Once your eyes dive into a couple of poetry and fiction books by Small Doggies Press, you’ll understand how this small press carries a fearless bite behind every published author. Whether you’re a new or fanatic reader of the press, you’re immediately invited to explore the human condition through honesty, filled with a diverse range of narratives and wordsmiths.
We can thank Carrie Seitzinger, one of the master minds behind Small Doggies Press, for our access to such courageous authors. Carrie not only tackles the press, but is also Editor-in-Chief of NAILED Magazine, and she is the Senior Project Manager of the boutique digital marketing venture, Small Doggies Omnimedia, LLC.
Below we had the wonderful pleasure to ask Carrie a few questions about the press, NAILED Magazine, and her life as both publisher and writer.
SPIT JOURNAL: As a young and upcoming writer, what influences or inspirations led to the birth of Small Doggies Press? What is the symbolism or story behind the name SDP?
CARRIE SEITZINGER: My partner Matty Byloos and I had been running Small Doggies Reading Series in Portland for a year and a half, and had started printing smalldoggies chapbooks that featured a piece of writing from each author who had read on our stage. We had an online literary magazine called Smalldoggies Magazine and we were not happy with how it was going. Though we were publishing well-written poetry and fiction, and some hilarious columns, it seemed like white noise in the grand scheme of the online literary world. So we retired Smalldoggies Magazine online and decided the next obvious step in a meaningful direction was to begin publishing books. (At this point we were also persuaded to break the name up from smalldoggies to Small Doggies.)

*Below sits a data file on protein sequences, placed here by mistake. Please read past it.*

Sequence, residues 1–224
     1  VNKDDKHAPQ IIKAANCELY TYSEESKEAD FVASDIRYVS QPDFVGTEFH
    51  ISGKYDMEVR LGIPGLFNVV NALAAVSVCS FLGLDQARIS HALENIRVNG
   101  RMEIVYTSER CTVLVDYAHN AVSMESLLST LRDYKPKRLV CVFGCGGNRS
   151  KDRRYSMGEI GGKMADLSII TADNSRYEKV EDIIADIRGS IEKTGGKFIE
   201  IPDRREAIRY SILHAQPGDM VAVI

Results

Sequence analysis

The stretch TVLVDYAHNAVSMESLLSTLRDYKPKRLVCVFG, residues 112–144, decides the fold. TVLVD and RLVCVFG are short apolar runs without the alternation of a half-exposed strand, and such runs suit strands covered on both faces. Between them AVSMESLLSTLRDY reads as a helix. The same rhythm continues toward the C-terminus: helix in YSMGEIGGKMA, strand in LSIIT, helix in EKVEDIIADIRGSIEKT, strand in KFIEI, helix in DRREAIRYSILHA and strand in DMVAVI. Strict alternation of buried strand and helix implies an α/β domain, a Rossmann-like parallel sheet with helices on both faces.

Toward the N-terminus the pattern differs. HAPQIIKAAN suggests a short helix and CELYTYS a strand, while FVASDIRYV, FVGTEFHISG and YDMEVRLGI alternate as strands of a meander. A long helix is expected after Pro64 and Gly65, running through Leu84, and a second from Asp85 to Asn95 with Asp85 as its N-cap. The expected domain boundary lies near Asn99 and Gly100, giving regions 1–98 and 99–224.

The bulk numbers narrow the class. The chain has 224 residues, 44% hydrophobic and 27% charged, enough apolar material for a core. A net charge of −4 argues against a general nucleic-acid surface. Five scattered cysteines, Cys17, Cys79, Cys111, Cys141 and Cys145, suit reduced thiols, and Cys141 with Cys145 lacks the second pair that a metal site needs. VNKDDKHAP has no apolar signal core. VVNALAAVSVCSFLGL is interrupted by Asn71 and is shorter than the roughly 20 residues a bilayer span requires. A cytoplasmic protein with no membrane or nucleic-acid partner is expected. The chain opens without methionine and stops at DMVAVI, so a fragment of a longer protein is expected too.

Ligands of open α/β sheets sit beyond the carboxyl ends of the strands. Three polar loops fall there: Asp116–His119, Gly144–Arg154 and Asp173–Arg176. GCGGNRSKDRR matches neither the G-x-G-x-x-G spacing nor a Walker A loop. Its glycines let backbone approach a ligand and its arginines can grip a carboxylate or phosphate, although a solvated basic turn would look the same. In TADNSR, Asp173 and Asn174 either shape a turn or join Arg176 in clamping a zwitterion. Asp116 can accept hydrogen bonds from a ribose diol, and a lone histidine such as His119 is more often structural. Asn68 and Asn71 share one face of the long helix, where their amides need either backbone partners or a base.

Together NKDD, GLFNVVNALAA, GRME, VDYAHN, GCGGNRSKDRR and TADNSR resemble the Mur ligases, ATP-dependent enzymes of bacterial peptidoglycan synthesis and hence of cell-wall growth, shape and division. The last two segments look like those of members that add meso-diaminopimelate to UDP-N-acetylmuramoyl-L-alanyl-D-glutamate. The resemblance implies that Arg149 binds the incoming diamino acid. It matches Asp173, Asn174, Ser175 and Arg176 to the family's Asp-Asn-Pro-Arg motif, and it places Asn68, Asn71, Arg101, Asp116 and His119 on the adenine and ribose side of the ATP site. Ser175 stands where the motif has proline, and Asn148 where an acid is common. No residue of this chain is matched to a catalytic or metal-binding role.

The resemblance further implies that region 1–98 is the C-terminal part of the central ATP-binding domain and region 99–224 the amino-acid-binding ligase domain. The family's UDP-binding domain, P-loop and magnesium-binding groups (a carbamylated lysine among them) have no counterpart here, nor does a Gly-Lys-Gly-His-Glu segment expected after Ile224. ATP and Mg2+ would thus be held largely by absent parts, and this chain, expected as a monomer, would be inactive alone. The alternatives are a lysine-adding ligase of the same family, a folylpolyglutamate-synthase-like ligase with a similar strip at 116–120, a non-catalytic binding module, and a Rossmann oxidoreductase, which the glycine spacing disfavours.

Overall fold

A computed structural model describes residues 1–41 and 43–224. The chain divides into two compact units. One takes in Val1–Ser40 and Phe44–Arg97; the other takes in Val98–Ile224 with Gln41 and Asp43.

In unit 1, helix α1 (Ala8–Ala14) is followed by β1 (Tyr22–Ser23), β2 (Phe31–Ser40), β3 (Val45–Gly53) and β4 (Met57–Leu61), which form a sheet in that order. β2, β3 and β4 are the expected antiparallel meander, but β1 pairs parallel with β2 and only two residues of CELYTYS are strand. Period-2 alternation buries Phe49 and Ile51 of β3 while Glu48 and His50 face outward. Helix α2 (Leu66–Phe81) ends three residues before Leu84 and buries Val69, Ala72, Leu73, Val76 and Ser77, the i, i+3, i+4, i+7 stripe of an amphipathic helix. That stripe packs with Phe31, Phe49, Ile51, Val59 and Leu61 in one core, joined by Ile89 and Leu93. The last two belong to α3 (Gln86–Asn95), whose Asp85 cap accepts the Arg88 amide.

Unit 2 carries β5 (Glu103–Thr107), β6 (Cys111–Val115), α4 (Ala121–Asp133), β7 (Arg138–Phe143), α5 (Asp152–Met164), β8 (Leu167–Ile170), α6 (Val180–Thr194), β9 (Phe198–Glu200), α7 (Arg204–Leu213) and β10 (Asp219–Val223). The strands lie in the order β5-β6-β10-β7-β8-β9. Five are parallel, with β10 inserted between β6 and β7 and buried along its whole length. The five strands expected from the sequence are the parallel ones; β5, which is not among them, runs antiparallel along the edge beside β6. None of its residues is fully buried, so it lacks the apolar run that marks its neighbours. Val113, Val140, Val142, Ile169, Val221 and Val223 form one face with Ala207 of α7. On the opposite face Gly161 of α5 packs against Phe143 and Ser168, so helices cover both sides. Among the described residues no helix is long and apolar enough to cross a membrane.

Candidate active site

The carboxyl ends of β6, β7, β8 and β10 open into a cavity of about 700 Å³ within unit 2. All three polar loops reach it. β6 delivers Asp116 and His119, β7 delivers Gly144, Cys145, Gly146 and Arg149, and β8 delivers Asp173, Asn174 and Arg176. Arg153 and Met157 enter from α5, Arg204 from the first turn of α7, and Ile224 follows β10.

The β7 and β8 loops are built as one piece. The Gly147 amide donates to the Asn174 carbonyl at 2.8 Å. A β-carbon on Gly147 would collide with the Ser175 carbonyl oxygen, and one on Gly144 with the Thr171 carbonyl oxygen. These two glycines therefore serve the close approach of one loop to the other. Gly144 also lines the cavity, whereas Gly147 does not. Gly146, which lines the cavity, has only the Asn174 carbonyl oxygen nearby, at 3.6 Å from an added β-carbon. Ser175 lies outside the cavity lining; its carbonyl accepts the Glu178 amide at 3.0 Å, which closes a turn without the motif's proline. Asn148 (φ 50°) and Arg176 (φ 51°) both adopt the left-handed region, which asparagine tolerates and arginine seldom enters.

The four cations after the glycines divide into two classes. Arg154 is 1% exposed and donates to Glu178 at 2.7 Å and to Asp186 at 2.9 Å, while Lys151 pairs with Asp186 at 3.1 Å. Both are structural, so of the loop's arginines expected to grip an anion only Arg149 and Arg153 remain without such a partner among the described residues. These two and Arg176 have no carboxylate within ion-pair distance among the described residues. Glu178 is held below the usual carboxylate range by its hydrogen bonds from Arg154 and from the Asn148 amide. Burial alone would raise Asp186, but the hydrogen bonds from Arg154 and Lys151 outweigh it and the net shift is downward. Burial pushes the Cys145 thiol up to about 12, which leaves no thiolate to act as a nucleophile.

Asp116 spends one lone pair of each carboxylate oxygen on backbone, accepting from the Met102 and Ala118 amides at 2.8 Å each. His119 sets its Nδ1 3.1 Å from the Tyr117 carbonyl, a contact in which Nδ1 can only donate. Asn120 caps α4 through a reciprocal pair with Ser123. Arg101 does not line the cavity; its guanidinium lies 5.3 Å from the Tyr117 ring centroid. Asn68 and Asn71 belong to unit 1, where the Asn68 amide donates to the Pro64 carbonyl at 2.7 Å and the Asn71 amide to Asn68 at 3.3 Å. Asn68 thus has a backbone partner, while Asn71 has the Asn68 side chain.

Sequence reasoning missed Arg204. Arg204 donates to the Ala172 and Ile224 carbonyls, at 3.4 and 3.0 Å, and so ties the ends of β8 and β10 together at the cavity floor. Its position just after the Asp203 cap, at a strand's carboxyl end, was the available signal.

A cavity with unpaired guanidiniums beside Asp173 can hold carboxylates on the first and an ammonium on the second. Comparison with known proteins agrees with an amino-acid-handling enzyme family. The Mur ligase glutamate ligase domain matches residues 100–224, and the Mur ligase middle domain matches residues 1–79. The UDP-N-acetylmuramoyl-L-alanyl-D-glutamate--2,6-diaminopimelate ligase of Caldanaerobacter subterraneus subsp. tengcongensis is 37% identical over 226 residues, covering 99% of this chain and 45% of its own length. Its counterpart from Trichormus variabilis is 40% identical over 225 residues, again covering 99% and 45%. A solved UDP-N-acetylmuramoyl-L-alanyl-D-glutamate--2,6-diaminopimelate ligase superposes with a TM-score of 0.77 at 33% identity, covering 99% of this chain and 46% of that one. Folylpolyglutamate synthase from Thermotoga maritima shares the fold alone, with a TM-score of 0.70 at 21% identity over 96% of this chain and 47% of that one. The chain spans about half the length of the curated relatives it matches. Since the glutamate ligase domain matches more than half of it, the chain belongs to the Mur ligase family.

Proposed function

The name originally came from Matty’s experience of working with some cooky old dude in a film lab in the late 90s. The man was reminiscing to the younger employees about how much better things were back in the day, and he insisted that the pair of men’s haircutting clippers he had when he was younger were so powerful that they could buzz the hair off of two or three small doggies. I guess I could argue that keeping print books alive is a testament to the ol’ days, but really the name stuck because we are weirdos and thought that was odd and funny.
I wrestle with whether the name suits us. It’s not half as strange as we thought it was when we chose it. That’s why we had to funk it up by making the two doggies one, conjoined twins. But when I’m working a book fair and it says “Small Doggies” on my booth, you should see the looks that I get from these kind ladies. The look says, “Awwww you must be such a sweet girl to name your press, Small Doggies. I bet you volunteer at animal shelters.”
SJ: What are the most rewarding and difficult tasks when running a small press?
SEITZINGER: The most rewarding feeling is knowing that it is at least partially because of you, that a magnificent book came into the world. I mean, you’ve got to give most of the credit to the author, of course, but it is rewarding just having the right to be proud of our authors.
It is a whole new level of rewarding when our books begin to be recognized for the works of genius that they are. Like Rachel McKibbens’s Into the Dark & Emptying Field as a finalist for the Paterson Poetry Prize, a huge national award. When we got the letter I was jumping up and down.
It is difficult finding the time to make it all happen. This is why we have never been open to unsolicited manuscripts—when would I ever be able to read them? And side note/secret of mine: I am an extremely slow reader. I’m twice as slow than anyone you know (probably including children), which is maybe why I am such a good copy editor, and plus, my comprehension is fantastic (so, ya know, don’t feel sorry for me).
Like most small presses, ours is a labor of love in every way. And so, we have full-time jobs. We’ve never had a year in accounting that ended “in the black” (yet), and I’d like the general public to know that publishing is usually a business of being in the red. Treat small presses with gratitude. What’s in it for us is not material wealth.